About Juan Carlos Ojano

I am an undergraduate student of the University of the Philippines-Diliman, currently taking up BA Film in the College of Mass Communication. I am an aspiring (and hardworking) actor, writer, and director. I am currently the secretary of the U.P. Cineastes' Studio, the first and premier student film organization in the Philippines, established in 1984. I love watching films, discussing films, writing about films, critiquing the politics of filmmaking, especially the awards season and the Academy Awards. Personal e-mail address: juancarlosojano@gmail.com Blog e-mail address: mylastoscar@gmail.com

Coming soon on The Final Oscar…

Hello! Are you still there?

I am.

Aside from a few posts about the first Pista ng Pelikulang Pilipino and some film reviews, I haven’t been able to post anything post-6th TFO Awards.

In the film world, the awards season for #Oscars2018 is fast approaching. This is one of the most exciting Best Picture, and especially, Best Actress races ever, loaded with a large amount of solid contenders. The 90th Academy Awards will take place on March 4, 2018.

Meanwhile, something’s happening at this blog come March-April next year. I want to keep it a surprise until then.

For now, let’s get back to watching more films (and TV series, if you please).

How about you? How are you?

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Juan Carlos Ojano
Writer, The Final Oscar

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Special TFO Awards: Pista ng Pelikulang Pilipino 2017

After watching the twelve entries of the 1st Pista ng Pelikulang Pilipino (2017) and selecting the nominees for sixteen categories, here are the winners and rankings for the Special TFO Awards: PPP 2017 Edition!

For recap, here are the entries of the PPP 2017:

  • 100 Tula Para Kay Stella – Dir. Jason Paul Laxamana
  • AWOL – Dir. Enzo Williams
  • Bar Boys – Dir. Kip Oebanda
  • Birdshot – Dir. Mikhail Red
  • Hamog – Dir. Ralston Jover
  • Ang Manananggal saUnit 23B – Dir. Prime Cruz
  • Paglipay – Dir. Zig Madamba Dulay
  • Patay na si Hesus – Dir. Victor Villanueva
  • Pauwi Na – Dir. Paolo Villaluna
  • Salvage – Dir. Sherad Anthony Sanchez
  • Star na si Van Damme Stallone – Dir. Randolph Longjas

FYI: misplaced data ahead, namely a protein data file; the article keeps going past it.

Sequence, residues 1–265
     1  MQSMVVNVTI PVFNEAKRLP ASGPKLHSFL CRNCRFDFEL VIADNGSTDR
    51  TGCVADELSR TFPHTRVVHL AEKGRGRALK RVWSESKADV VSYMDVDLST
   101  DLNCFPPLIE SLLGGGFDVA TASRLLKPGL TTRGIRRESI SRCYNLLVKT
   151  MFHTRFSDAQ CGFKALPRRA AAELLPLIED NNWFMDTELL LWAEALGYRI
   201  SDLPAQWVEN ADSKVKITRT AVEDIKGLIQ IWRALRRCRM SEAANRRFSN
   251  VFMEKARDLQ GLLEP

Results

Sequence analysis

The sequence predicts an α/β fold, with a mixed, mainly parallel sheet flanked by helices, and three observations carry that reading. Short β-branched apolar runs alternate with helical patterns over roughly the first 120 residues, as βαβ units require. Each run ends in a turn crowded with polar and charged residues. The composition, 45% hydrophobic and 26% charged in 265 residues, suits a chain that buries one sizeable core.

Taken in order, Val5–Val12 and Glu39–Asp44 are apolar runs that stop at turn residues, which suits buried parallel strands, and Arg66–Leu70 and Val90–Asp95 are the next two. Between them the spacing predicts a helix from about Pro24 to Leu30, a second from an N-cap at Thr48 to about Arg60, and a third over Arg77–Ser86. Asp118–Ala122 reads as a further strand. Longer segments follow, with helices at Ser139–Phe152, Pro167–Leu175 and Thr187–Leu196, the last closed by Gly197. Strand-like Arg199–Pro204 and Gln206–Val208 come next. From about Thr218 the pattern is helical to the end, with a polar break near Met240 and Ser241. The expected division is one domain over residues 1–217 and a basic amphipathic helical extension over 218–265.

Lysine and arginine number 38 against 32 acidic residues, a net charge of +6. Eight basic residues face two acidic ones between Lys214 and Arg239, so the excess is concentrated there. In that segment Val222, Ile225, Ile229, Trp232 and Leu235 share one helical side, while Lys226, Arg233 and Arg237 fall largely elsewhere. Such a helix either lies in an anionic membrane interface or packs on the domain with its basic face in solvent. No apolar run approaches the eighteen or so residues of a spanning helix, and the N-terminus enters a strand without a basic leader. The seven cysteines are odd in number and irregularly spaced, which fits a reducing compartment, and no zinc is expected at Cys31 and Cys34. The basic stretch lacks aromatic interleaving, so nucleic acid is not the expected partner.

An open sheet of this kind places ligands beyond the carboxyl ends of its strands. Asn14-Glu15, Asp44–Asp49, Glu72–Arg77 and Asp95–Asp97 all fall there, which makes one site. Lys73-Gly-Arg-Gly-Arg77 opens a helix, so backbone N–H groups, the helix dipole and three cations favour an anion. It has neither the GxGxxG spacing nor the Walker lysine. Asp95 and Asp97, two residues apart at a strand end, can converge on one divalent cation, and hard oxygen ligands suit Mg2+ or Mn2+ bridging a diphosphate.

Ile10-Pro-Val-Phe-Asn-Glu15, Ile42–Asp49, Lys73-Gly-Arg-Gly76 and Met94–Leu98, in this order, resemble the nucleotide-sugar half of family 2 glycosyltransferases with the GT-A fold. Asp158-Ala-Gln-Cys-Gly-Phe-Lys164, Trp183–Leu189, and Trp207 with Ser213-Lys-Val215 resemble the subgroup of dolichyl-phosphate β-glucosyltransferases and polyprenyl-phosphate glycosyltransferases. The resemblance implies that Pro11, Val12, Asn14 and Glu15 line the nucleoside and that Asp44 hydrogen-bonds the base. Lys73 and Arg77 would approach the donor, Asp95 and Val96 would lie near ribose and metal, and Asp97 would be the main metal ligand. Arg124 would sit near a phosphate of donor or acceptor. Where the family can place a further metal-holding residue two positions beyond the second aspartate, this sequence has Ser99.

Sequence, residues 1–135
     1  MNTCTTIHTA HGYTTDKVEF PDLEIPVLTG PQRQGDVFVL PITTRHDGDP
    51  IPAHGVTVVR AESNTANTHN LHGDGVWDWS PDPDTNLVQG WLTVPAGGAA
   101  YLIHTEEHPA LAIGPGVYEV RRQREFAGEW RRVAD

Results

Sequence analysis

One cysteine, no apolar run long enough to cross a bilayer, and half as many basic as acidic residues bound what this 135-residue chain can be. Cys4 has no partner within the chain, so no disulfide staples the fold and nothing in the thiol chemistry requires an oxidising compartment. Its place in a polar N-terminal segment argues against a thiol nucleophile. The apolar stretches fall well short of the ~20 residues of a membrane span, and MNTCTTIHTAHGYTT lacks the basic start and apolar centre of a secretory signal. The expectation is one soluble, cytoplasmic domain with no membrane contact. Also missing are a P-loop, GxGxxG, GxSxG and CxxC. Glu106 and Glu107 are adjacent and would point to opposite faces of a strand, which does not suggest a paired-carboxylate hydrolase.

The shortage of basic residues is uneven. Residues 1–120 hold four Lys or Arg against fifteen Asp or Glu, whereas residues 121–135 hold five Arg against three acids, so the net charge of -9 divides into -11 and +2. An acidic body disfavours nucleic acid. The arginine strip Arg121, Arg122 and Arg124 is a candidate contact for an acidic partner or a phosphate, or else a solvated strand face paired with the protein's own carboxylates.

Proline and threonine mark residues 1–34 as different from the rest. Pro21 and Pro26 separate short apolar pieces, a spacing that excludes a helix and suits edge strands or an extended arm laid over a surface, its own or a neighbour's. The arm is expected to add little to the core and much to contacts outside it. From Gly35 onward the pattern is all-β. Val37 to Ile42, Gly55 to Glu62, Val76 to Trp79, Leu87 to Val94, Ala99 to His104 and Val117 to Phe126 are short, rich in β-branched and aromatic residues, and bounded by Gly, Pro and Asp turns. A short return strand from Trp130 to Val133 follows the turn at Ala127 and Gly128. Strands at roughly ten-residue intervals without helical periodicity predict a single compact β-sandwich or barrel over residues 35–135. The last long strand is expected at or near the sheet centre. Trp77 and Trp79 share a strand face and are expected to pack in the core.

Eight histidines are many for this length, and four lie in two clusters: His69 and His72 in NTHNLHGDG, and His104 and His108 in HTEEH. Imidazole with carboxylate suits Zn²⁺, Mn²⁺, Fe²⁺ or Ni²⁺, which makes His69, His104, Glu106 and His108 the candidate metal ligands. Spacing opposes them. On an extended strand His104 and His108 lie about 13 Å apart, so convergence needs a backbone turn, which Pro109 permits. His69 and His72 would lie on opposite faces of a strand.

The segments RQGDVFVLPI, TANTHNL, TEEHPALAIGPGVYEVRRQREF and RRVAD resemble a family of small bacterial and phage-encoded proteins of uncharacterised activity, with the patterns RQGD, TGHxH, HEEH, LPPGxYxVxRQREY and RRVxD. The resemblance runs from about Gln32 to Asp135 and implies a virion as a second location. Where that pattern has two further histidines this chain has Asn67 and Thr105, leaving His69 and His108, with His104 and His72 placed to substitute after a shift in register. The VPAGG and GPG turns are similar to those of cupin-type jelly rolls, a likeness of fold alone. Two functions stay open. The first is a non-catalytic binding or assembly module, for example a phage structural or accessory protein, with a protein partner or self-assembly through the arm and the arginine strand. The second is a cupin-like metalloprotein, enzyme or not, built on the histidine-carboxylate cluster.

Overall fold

• Triptiko – Dir. Miguel Franco Michelana

Here are the sixteen (16) categories for this TFO Awards:

  • Best Motion Picture
  • Best Achievement in Directing
  • Best Performance by an Actor in a Leading Role
  • Best Performance by an Actress in a Leading Role
  • Best Performance by an Actor in a Supporting Role
  • Best Performance by an Actress in a Supporting Role
  • Best Performance by an Acting Ensemble
  • Best Screenplay
  • Best Achievement in Casting
  • Best Achievement in Cinematography
  • Best Achievement in Film Editing
  • Best Achievement in Sound
  • Best Achievement in Music
  • Best Achievement in Production Design
  • Best Achievement in Costume Design
  • Best Achievement in Makeup and Hairstyling

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BEST ACHIEVEMENT IN MAKEUP AND HAIRSTYLING

WINNER: Triptiko
2. Salvage
3. Birdshot
4. Ang Manananggal sa Unit 23B
5. Hamog

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BEST ACHIEVEMENT IN COSTUME DESIGN

WINNER: 100 Tula Para Kay Stella
2. Ang Manananggal sa Unit 23B
3. Bar Boys
4. Birdshot
5. Star na si Van Damme Stallone

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BEST ACHIEVEMENT IN PRODUCTION DESIGN

WINNER: Ang Manananggal sa Unit 23B (Nestor Abrogena)
2. Salvage
3. Birdshot
4. 100 Tula Para Kay Stella
5. Paglipay

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BEST ACHIEVEMENT IN MUSIC

WINNER: Paglipay (Gian Gianan)
2. Salvage
3. Star na si Van Damme Stallone
4. Bar Boys
5. Hamog

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BEST ACHIEVEMENT IN SOUND DESIGN

WINNER: Salvage
2. Ang Manananggal sa Unit 23B
3. Birdshot
4. Triptiko
5. AWOL

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BEST ACHIEVEMENT IN FILM EDITING

WINNER: Salvage (Lawrence Ang)
2. Patay na si Hesus
3. Pauwi Na
4. Star na si Van Damme Stallone
5. Birdshot

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BEST ACHIEVEMENT IN CINEMATOGRAPHY

WINNER: Salvage (Malay Javier)
2. Ang Manananggal sa Unit 23B
3. Birdshot
4. Star na si Van Damme Stallone
5. Pauwi Na

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BEST ACHIEVEMENT IN CASTING

WINNER: Patay na si Hesus
2. Star na si Van Damme Stallone
3. Pauwi Na
4. Bar Boys
5. Hamog

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BEST SCREENPLAY